The prayer hall of the mosque is a 20.5 x 15 m rectangular chamber divided into three aisles perpendicular to the qibla wall, divided into four bays each by thick pillars. A domed skylight admits light into the center of the hall. On the qibla wall's southern end is a door onto the tomb chamber. This door is surmounted by the monument's oldest dated inscription, which mentions that a Muhammad ibn Rashid renovated the mosque (jaddada hadhihi al-'imara al-mubaraka) in 735 AH (1334-1335 CE).
The tomb chamber is a vaulted cube. The square base measures approximately 4 m x 4 m. The walls rise to a height of approximately 7 meters before transitioning to an octagonal drum. At the top of this wall, at a height of around 6.5 meters, is a cornice made of a blind arcade surmounted by an inscription. The octagonal drum is masked by two rows of muqarnas cells, pierced by four windows. The ceiling is covered by a shallow dome with a painted calligraphic medallion that dates to the Ottoman period. It masks the original interior of the vault, which would have shown eleven courses of muqarnas cells, increasingly narrower in diameter, that form the complex's dramatic tower. Restoration work undertaken in the 1970s revealed that the interior of these cells were decorated with painted plaster decoration featuring naturalistic and detailed vegetal ornaments.2
The muqarnas dome of the complex, rising to a height of 11 meters atop its 7.5 meter base, is a striking example of a local tradition of muqarnas domes with no outer covering, so that the backs of the cells are exposed and create a sculptural form. This type of dome is found throughout lower Iraq and the adjoining regions of Khuzistan and Luristan (both in southwest Iran).3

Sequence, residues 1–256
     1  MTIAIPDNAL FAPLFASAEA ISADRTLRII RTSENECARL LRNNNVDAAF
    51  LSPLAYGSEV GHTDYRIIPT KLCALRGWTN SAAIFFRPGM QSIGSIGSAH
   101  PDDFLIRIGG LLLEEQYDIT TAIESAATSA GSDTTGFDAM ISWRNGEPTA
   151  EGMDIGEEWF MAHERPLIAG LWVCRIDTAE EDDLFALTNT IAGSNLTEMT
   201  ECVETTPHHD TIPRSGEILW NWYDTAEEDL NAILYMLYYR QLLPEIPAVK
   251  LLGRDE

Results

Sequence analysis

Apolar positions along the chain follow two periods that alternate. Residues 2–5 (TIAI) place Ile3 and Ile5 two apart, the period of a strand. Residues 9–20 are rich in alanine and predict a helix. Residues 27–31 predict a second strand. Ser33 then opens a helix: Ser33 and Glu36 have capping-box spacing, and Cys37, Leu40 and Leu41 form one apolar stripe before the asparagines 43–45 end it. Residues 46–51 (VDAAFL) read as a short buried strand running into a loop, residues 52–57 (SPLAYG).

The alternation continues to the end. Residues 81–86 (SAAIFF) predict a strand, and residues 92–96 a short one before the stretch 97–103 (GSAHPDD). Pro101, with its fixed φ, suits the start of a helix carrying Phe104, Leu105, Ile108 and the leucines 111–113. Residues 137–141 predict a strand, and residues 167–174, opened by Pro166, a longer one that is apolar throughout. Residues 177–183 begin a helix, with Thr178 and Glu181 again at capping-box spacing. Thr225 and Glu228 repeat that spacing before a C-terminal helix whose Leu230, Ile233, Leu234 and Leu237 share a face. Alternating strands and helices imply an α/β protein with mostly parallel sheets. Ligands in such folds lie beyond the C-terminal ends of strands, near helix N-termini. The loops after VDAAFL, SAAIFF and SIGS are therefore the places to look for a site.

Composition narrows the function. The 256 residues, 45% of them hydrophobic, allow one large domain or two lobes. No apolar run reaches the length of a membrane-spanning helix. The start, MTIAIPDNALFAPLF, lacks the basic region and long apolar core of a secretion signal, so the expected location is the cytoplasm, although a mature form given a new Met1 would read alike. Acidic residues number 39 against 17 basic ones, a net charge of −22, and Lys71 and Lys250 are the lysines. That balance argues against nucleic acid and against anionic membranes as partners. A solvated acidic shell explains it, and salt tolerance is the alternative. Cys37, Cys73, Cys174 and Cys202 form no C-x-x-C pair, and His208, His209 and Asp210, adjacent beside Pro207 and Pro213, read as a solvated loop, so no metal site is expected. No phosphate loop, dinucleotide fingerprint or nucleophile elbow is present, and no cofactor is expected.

The many additions to the complex exemplify the nature of holy shrines in Iraq, where centuries of rebuilding often obscures original forms. In this case, both the original form and its date are uncertain. The earliest inscription (that over the door to the tomb chamber from the prayer hall) is dated 735 AH and mentions a renovation, suggesting that the structure existed beforehand. The date of the vaulted tomb chamber can be pushed farther back still based on a 13th/7th-century AH text mentioning that a tower was erected over the grave of Suhrawardi.4 The close relationship of Suhrawardi to the Abbasid caliph al-Nasir li-Din Allah, and the fact that the caliph constructed another tomb for his mother of a similar form, suggest that he may have been the patron.5 Certainly, the style of the muqarnas vault and an inscription preserved on the north side of the tomb chamber's exterior, all but blocked from view by the mosque, are consistent with the beginning of the 13th/7th c. AH. Unfortunately, this inscription, which curiously mentions a renovation (tajdid), is cut short, leaving the date and identity of the patron obscure.6
[Strika and Khalil mention that it was removed after recent renovations, as do Hadithi and 'Abd al-Khaliq.
Hadithi and 'Abd al-Khaliq, 41.
Tabbaa, "Muqarnas Dome."
Angelika Hartmann, an-Nāṣir li-Dīn Allāh (1180-1225): Politik, Religion, Kultur in der späten 'Abbāsidenzeit (Berlin: W. de Gruyter, 1975).
For an image, see Hadithi and 'Abd al-Khaliq, fig. 28.
first quarter 13th/7th c. AH, tomb renovated in 1334-1335/735 AH, building renovated and mosque endowed in 1511/917 AH, mosque extensively renovated in 1833-1834/1249 AH, additions made to the mosque in 1853/1272 AH